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Meng Wanzhou: Huawei executive to be released from Canada back to China after three-year row

·2-min read

US prosecutors have reached a deal to allow Huawei’s chief financial officer Meng Wanzhou to return home to China in exchange

Ms Wanzhou, the daughter of Huawei’s founder and chief executive Ren Zhengfei is the Chinese, has been fighting extradition from Canada to the US since 2018, when she was arrested in Vancouver and placed under 24/7 house arrest.

Known in China as the “princess of Huawei”, she was charged by the US Department of Justice (DoJ) with misleading HSBC bank in order to circumvent US sanctions against Iran, which she denies.

On Friday, however, assistant US attorney David Kessler told a court in New York that the DoJ had agreed to defer prosecution against Ms Meng until December 2022 and drop its attempt to extradite her.

In exchange, Ms Meng signed a statement of facts admitting that she had misled a major bank about Huawei’s dealings with Iran, which can be admitted as evidence in a future trial if she breaks any other part of her agreement.

Acting US attorney Nicole Boeckmann said: “Meng’s admissions confirm the crux of the government’s allegations — that Meng and her fellow Huawei employees engaged in a concerted effort to deceive global financial institutions, the U.S. government and the public about Huawei’s activities in Iran.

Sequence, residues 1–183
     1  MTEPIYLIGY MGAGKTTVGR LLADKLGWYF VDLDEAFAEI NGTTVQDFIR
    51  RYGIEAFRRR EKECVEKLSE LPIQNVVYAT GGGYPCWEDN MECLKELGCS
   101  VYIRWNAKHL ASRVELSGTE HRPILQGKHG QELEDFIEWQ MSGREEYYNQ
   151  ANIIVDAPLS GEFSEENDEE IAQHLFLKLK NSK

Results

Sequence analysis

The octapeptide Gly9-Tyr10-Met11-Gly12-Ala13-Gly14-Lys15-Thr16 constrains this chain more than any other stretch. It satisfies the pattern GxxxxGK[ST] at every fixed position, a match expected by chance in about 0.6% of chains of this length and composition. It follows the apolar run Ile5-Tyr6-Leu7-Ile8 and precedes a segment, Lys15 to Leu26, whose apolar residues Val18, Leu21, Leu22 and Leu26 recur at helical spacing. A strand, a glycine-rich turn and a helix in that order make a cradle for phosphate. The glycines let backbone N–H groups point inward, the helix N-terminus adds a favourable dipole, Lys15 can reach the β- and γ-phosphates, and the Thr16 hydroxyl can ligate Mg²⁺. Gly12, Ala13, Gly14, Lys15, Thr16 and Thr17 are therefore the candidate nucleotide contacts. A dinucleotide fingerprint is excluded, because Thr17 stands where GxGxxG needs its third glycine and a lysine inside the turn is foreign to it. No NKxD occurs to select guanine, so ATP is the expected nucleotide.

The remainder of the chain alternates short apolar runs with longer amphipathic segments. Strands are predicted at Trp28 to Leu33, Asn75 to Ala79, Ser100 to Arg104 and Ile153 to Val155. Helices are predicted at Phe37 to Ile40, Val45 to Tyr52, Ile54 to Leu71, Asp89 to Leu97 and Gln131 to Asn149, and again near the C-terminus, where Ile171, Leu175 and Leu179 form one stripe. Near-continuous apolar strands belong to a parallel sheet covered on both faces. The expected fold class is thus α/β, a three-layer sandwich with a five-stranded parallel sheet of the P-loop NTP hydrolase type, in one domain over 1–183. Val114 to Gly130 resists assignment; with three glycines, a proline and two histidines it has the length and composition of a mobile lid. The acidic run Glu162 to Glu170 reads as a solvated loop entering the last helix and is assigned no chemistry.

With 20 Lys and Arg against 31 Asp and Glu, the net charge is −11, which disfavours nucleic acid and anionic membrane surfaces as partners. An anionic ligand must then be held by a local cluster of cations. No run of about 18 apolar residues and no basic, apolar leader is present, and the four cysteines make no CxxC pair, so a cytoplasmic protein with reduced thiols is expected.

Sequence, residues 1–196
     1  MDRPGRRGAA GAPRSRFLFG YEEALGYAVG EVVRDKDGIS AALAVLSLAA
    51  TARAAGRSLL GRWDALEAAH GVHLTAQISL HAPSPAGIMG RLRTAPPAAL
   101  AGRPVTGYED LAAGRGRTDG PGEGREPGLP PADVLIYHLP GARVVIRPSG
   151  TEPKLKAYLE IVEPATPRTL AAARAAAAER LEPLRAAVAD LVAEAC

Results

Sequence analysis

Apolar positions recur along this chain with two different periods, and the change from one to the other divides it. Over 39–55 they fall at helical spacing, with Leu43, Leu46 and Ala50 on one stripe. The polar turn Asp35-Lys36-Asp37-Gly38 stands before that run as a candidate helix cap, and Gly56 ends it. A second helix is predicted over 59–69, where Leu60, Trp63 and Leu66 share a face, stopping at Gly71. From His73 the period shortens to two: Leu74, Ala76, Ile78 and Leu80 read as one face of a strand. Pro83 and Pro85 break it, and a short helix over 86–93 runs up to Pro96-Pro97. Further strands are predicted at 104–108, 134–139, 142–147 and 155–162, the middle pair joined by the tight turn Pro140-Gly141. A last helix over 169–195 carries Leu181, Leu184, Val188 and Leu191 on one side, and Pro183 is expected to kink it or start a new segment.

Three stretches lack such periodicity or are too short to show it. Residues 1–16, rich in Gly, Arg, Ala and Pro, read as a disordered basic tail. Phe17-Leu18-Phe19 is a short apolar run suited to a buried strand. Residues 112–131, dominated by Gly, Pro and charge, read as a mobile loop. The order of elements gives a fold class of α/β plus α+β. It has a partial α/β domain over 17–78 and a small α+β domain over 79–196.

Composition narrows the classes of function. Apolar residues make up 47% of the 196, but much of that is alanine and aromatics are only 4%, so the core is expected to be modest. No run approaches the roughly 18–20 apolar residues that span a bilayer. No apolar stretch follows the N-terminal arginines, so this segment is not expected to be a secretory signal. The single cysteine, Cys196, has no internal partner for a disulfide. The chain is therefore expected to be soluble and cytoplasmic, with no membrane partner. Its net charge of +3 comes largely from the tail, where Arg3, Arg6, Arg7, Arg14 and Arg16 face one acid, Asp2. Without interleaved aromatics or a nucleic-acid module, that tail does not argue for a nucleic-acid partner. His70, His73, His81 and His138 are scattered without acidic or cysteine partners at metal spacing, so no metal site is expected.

“While acting as the Chief Financial Officer for Huawei, Meng made multiple material misrepresentations to a senior executive of a financial institution regarding Huawei’s business operations in Iran in an effort to preserve Huawei’s banking relationship with the financial institution.”

Speaking through a translator from Vancouver, Ms Meng confirmed the deal, while pleading not guilty to the charges.

Ms Meng’s release resolves a major front in the diplomatic and trade war between the US and China, which was started by former President Donald Trump but has continued under President Joe Biden.

US officials have long accused Huawei, a Shenzhen-based telecommunications giant, of using its global clout to spy on other countries for the Chinese government, with which it has a close relationship.

Huawei strenuously denies that, claiming the US is cynically targeting it as a tool of foreign policy. Lawyers for Ms Meng echoed that theme, describing her as a political “bargaining chip”.

After Ms Meng’s arrest, China detained two Canadian citizens, businessman Michael Spavor and diplomat Michael Kovrig, who could now have a brighter chance of release.

The US has also been working to persuade allies to renounce Huawei’s highly affordable telecommunications technology, which appears in national phone and internet networks across the world.

The DoJ and Huawei did not respond to requests for comment.

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